prism-samplernn experiments (3-tier)

The RNCM (Royal Northern College of Music) PRiSM (Practice and Research in Science and Music) lab released a modern implementation of 3-tier SampleRNN[1]:
PRiSM is shortly going to publish its own implementation, using TensorFlow 2, and we’ll be explaining the features of the PRiSM SampleRNN in our next instalment – when we will also make the code available on PRiSM’s GitHub pages, along with a number of pretrained and optimised models.
Since the dadabots discourage the use of their own 3-tier model, we'll use the PRiSM repo (where the 3-tier model is the primary focus).

Python setup + minor code tweaks

I forked the original prism-samplernn[2] codebase to my own GitHub profile to make a minor adjustment in the scripts[3].
    physical_devices = tf.config.list_physical_devices('GPU')
    tf.config.experimental.set_memory_growth(physical_devices[0], enable=True)
Without this parameter, the training would crash on my GPU (RTX 2070 SUPER) with a mysterious error message, "Fail to find the dnn implementation". It's an esoteric fix that one can find scattered across GitHub.

The Python setup is straightforward using conda[4] and following the project's
    $ conda create -n prism-samplernn python=3.8 anaconda
    $ conda activate prism-samplernn
    (prism-samplernn) $ pip install -r requirements.txt

SampleRNN configuration

I'll summarize the available SampleRNN hyperparameters and other customizeable steps compared across the original 2017 ICLR implementation, the Dadabots fork, the PRiSM fork which I use throughout the rest of this report, and finally my own modifications to the PRiSM parameters after experiment 0:

Original Dadabots PRiSM Mine Descr
RNN layers 4 5 4 5 Quality of results (dadabots note that 5 learns music better than 4)
Tiers 2 or 3 2 or 3 (2 recommended for good music) 3 2, 3 Tiers of RNN (more = wider temporal timescale, but...*)
Frame sizes (corresponds to tiers) 16 16 16,64 3: 16,64, 2: 16 Samples apart between low and high timescales
Sample rate 16000 (fixed) 16000 16000 16000 Sample rate of training/generating waveform (lower = faster learning, better able to learn long-timescale patterns)
Training input No details Chop albums into 8s + 1s overlap Chop albums into 8s + 1s overlap Chop albums into 8s + 1s overlap Suggestions on how to prepare training data
Epochs Not customizeable Not customizeable 100 100, 250 Entire cycles of training on the same data (more = possibly better learning, but not necessarily)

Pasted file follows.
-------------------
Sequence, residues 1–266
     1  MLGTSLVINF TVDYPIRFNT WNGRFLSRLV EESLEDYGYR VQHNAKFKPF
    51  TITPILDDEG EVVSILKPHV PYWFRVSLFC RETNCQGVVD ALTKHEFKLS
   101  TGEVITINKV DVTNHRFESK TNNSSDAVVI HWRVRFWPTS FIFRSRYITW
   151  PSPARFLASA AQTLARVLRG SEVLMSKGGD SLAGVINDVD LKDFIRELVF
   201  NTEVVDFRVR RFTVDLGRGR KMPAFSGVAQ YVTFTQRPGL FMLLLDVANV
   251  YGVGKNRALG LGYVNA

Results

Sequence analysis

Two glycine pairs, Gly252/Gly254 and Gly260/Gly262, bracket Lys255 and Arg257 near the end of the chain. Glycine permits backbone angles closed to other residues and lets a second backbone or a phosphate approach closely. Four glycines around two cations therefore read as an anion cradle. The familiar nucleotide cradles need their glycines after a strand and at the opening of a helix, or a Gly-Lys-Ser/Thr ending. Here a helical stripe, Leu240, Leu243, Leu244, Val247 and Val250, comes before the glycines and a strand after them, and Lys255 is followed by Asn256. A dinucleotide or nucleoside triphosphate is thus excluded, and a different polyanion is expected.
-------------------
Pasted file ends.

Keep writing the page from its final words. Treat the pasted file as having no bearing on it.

*: recall that 3-tier is in practise worse for music

The frame sizes 16, 64 correspond to the additional tiers of SampleRNN (the first tier is always n = 1, or consecutive samples). A 2-tier SampleRNN architecture has a wider temporal scale of learning at 16 frames, while a 3-tier SampleRNN architecture learns at 16 and 64 frames.

Experiment 0: training on a single album

We'll train 3-tier SampleRNN first on Animals as Leaders' self-titled album:

I downloaded the audio using youtube-dl, converted it to 16kHz mono with ffmpeg (recommended for SampleRNN to perform better), split it up into chunks (ignoring silence) using the prism-samplernn script, and ran the training with default parameters:
    $ python --id aamgen --data_dir ./chunks/ --num_epochs 100 --batch_size 64 --checkpoint_every 5 --output_file_dur 3 --sample_rate 16000
This emitted some generated clips during the training. Let's listen to 2 of the more musically interesting clips (a lot of them are just silence), generated at epoch 20 and 85 of the 100-epoch training. An epoch is one cycle of the entire training dataset - this means that the neural network observed the same album 100 times iteratively to learn how to model it:
Epoch 20:

Epoch 85:

After the training was done (it took ~3 days on my machine), I generated 2 10-second clips of what I thought would be "Animas-as-Leaders-esque" music. The generate command is:
    $ python --output_path ./aamgen-out/aamgen.wav --checkpoint_path ./logdir/aamgen/14.09.2020_19.02.06/model.ckpt-90 --config_file ./default.config.json --num_seqs 2 --dur 10 --sample_rate 16000
This says to use the model checkpoint 90. Even though we specified 100 epochs in the training, the model has an intelligent stop when it sees that additional training is not improving the model. In this case, it seems like 90 epochs exhausted the model's learning ability. Here's one of them (both sound equally bad):

Experiment 0 lessons

I applied tweaks that Karl Hiner[5] did in his experiments - for my next experiment, I would try some or all of the following: We're also probably running into the same discovery of others, that 3-tier architecture of the PRiSM-SampleRNN implementation may be producing worse music than 2-tier.

Experiment 1: longer training on multiple albums

For my next experiment, I downloaded instrumental versions of the albums of Periphery (instrumental - I didn't want vocals mixing into the results, as I want to focus on musical instruments acoustics) and Mestis (an instrumental band). The data fetch and preprocessing scripts are available in my prism-samplernn fork:
    #!/usr/bin/env bash
    echo "Fetching training data - youtube-dl wav files for Mestis and Periphery albums"
    # youtube playlists for Mestis - Eikasia, Polysemy, Basal Ganglia
    youtube-dl -ci -f "bestaudio" -x --audio-format wav -i ${mestis_album_1}
    youtube-dl -ci -f "bestaudio" -x --audio-format wav -i ${mestis_album_2}
    youtube-dl -ci -f "bestaudio" -x --audio-format wav -i ${mestis_album_3}
    # youtube playlists for instrumental Periphery albums - Periphery III, I, II, IV, Omega, Juggernaut
    youtube-dl -ci -f "bestaudio" -x --audio-format wav -i ${periphery_album_1}
    youtube-dl -ci -f "bestaudio" -x --audio-format wav -i ${periphery_album_2}
    youtube-dl -ci -f "bestaudio" -x --audio-format wav -i ${periphery_album_3}
    youtube-dl -ci -f "bestaudio" -x --audio-format wav -i ${periphery_album_45}
    youtube-dl -ci -f "bestaudio" -x --audio-format wav -i ${periphery_album_6}
    mkdir -p periphery-raw
    mkdir -p mestis-raw
    find . -maxdepth 1 -mindepth 1 -type f -iname '*PERIPHERY*.wav' -exec mv {} periphery-raw/ \;
    find . -maxdepth 1 -mindepth 1 -type f -iname '*MESTIS*.wav' -exec mv {} mestis-raw/ \;
    find . -maxdepth 1 -mindepth 1 -type f -iname '*Javier*.wav' -exec mv {} mestis-raw/ \;
    find . -maxdepth 1 -mindepth 1 -type f -iname '*Suspiro*.wav' -exec mv {} mestis-raw/ \;